Another major torrent search engine has decided that the value of a .COM URL is not worth the risk of having the domain seized by US Immigration and Customs Enforcement (ICE) agents.
The owners of Kickass Torrents made an announcement to their user base at the end of March that the US-based .COM address would be going away in favor of a less risky .PH address based in the Philippines.
“It is not a secret that today everything related to torrents gets a lot of heat from various organizations,” reads the announcement on the KickassTorrents blog. “So for the safety of our users and to secure the work of KickassTorrents we will in time lose the .com address. For now it is more of an alternative and KickassTorrents.com will remain intact for some time, but we really recommend our users to switch to KickassTorrent.ph.”
The site joins the world’s largest BitTorrent tracker, Demonoid, and others in escaping the threat of a seized domain by moving control to another, more lenient country. The site owners are already keenly aware that they could be the next on the ICE chopping block because they have appeared on lists from the Motion Picture Association of America (MPAA) labeling them as being “notorious for infringing activities.”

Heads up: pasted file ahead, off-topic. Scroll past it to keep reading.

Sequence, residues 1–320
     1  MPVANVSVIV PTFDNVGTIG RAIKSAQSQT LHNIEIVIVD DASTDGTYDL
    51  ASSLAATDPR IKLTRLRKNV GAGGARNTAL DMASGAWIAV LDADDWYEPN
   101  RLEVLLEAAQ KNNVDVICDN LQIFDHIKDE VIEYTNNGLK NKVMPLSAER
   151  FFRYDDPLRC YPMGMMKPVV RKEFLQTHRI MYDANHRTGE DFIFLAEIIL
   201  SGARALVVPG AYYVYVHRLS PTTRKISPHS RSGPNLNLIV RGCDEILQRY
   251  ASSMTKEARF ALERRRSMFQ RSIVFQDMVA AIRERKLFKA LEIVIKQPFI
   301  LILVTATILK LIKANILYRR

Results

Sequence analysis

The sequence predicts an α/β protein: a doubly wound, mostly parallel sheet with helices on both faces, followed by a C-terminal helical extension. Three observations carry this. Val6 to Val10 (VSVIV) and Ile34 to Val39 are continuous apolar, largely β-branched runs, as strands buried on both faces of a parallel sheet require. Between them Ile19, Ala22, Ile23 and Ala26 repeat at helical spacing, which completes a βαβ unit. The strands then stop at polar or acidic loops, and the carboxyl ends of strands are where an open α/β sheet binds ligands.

Since the US Department of Homeland Security began their Operation In Our Sites initiative last year, thousands of websites have been shut down without warning or due process because ICE investigations determined that illegal activity was taking place. Evidence in these cases, however, has been weak, and politicians like Congresswoman Zoe Lofgren have begun questioning the constitutionality of the actions.
Like Torrent-Finder, a BitTorrent search engine seized by the ICE in November, KickassTorrents hosts no infringing content on its own servers and claims to be DMCA compliant. As we’ve seen time and time again, this means nothing to the ICE officials conducting the investigations.
This just further illustrates that while the ICE domain seizures are provoking fear among those who are hosting domains with questionable content, it is not persuading them to cease operations as the MPAA claims.